The Higher Education Policy Institute has just published a survey of British students’ attitudes to free speech. It’s basically a repeat of the survey they published back in 2016, which allows us to look at trends over time. Unfortunately, as Toby has already noted, they’re not pretty: students have become less supportive of free speech over the last six years.
One example is shown in the chart below. Respondents were asked which of two overall policies their university should favour.
Back in 2016, 27% said “Ensuring unlimited free speech” versus 37% who said “Ensure that all students are protected” – a 10-point gap. Yet by 2020, the percentages were 17% and 61% – a 44-point gap!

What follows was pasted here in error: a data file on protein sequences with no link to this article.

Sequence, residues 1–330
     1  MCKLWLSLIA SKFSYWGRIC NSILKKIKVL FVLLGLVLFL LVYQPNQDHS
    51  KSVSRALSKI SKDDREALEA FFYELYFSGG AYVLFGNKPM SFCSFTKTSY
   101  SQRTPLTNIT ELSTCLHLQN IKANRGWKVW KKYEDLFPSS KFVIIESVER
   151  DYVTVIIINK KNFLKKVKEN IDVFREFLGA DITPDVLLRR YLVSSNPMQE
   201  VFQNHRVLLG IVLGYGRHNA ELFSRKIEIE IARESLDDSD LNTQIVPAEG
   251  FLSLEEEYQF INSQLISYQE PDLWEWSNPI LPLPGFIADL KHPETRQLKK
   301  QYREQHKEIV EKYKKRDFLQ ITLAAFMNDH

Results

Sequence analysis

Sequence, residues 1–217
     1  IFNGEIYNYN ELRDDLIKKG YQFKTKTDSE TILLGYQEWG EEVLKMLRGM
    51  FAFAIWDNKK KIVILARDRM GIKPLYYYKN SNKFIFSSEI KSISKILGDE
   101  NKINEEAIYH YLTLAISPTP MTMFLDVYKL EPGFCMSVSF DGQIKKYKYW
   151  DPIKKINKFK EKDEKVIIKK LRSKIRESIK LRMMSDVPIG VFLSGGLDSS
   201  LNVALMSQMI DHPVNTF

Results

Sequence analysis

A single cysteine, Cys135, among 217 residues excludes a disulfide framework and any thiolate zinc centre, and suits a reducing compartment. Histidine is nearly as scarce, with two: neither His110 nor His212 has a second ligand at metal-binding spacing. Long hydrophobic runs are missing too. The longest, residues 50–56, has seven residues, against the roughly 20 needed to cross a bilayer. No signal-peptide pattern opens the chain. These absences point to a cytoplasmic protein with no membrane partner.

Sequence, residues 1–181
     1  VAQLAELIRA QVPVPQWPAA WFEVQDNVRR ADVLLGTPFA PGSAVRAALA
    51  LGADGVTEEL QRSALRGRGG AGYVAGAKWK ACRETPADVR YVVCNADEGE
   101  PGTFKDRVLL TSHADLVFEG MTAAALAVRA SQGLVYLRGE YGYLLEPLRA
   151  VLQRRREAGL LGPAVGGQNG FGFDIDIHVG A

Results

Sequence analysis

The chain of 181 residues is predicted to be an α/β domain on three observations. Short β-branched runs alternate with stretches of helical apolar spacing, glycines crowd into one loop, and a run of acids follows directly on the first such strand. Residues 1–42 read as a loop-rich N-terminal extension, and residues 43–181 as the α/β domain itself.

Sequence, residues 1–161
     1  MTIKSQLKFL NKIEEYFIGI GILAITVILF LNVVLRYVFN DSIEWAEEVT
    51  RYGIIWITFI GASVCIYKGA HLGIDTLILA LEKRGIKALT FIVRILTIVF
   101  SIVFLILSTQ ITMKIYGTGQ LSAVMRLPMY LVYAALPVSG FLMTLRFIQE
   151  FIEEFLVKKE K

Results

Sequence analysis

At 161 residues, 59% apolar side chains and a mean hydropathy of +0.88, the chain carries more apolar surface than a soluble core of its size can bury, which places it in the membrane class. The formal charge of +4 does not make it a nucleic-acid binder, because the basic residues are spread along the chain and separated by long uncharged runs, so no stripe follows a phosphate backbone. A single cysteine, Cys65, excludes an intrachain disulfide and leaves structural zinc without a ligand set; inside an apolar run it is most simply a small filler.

What’s more, students are in collective denial about the diminishing status of free speech on campus. In this year’s survey, only 38% agreed that “universities are becoming less tolerant of a wide range of viewpoints”. The rest were either unsure or said they disagreed. Unsurprisingly, women were substantially less likely to agree.
Interestingly, if we compare attitudes in Britain to those in America, there’s less evidence that things are getting worse. Since 2016, the Knight Foundation has carried out four surveys of American students’ attitudes to free speech, asking the same kinds of questions as the Higher Education Policy Institute.
The chart below shows results for a question in the Knight Foundation’s survey that’s almost identical to the one above.